How much are birth control pills and do I need an appointment?

Question: I’m only 16 and I need birth control pills. I have a job and am willing to pay for pills but I don’t want to involve my parents because they’d disagree and I probably wouldn’t get what I needed. How much would it be to get pills? Would I need an appointment? What other things would I have to provide?

Answer: Any new patient at Family Planning will need an appointment to get birth control.  Parents do not have to be involved in this process according to state law, but family involvement is always encouraged. The cost for birth control pills depends on a few factors. We accept private health insurance and Medicaid, but please keep in mind that if you use your parents’ insurance, they might be able to see “Family Planning” on their summary of services which is usually sent in the mail. If you do not want to use insurance, then the cost is based off a sliding fee scale that is determined by your income. Please call us to schedule an appointment.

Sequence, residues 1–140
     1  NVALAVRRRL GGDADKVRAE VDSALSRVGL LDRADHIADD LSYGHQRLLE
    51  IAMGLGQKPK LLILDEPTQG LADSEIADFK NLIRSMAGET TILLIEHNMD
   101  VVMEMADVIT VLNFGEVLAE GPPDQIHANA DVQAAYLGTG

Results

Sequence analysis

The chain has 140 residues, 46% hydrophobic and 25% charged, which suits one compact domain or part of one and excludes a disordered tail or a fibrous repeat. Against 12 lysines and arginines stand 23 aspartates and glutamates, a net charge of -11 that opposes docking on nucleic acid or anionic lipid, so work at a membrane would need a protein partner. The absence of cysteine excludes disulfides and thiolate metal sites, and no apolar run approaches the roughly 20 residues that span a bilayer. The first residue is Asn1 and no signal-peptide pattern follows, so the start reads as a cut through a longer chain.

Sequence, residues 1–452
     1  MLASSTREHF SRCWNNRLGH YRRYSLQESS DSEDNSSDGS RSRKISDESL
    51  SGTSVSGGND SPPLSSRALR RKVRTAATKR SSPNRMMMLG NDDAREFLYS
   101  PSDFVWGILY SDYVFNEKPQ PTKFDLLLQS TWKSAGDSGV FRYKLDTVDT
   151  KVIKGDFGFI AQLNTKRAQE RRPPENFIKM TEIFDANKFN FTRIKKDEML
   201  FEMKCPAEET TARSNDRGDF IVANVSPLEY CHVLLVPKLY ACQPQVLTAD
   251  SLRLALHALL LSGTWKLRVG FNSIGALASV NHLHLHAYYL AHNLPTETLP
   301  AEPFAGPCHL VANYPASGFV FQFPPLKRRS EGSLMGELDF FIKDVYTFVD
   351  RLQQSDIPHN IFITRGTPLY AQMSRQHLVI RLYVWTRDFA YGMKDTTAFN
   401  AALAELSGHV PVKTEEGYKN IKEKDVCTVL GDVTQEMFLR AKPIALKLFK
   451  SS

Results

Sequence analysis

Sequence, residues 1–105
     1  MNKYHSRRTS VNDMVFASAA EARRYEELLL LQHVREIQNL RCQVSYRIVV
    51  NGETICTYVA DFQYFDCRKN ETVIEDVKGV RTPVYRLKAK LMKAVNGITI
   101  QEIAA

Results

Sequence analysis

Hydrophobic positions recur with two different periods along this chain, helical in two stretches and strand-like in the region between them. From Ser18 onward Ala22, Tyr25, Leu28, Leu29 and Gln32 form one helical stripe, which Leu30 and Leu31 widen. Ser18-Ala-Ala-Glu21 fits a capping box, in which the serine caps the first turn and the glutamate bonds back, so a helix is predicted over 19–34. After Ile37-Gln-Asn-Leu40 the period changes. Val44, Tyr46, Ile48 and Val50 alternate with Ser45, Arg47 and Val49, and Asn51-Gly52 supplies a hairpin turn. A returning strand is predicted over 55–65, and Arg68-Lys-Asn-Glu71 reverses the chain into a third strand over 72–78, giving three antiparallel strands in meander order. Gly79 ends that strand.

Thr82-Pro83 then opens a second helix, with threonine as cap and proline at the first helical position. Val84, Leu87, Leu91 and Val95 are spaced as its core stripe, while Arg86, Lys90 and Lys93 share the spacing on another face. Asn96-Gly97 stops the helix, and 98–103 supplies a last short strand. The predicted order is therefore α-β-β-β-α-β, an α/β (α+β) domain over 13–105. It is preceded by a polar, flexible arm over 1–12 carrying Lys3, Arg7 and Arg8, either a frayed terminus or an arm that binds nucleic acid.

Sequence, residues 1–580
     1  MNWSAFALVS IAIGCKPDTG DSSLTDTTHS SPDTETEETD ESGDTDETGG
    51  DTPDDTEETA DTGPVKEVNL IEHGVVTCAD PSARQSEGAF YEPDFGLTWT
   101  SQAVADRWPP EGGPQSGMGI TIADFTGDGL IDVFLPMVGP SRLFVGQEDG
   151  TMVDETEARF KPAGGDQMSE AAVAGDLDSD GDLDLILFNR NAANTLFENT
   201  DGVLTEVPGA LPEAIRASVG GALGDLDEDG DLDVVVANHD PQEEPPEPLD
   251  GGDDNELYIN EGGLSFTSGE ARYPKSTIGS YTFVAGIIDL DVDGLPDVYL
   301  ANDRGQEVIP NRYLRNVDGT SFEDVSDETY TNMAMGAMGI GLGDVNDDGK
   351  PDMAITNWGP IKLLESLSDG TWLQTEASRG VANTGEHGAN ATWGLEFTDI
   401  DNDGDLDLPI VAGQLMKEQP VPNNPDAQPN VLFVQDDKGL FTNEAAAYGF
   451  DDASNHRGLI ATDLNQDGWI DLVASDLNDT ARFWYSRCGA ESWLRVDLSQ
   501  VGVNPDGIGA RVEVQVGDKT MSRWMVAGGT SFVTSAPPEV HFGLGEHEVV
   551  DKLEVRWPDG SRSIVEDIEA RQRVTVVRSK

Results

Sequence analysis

Painesville: 440-352-0608 or Ashtabula: 440-992-5953

Which is better, the pill or the shot?

Question: Which is better, the pill or the shot?

Answer:  There are advantages and disadvantages to all methods of hormonal birth control.

Birth control pill:

  • Uses hormones (estrogen and progestin) to prevent ovulation
  • Efficacy: 92-99%
  • Take one pill a day at the same time
  • Advantages: Very effective when used correctly, can make menstrual cycle more regular and less painful
  • Disadvantages:  Need to remember to take daily, possible side effects due to estrogen, does not provide protection from sexually transmitted infections (STI) or HIV
  • Possible side effects: dizziness, nausea, headache, change in menstrual cycle, change in appetite, change in mood and although rare, possible chance of blood clots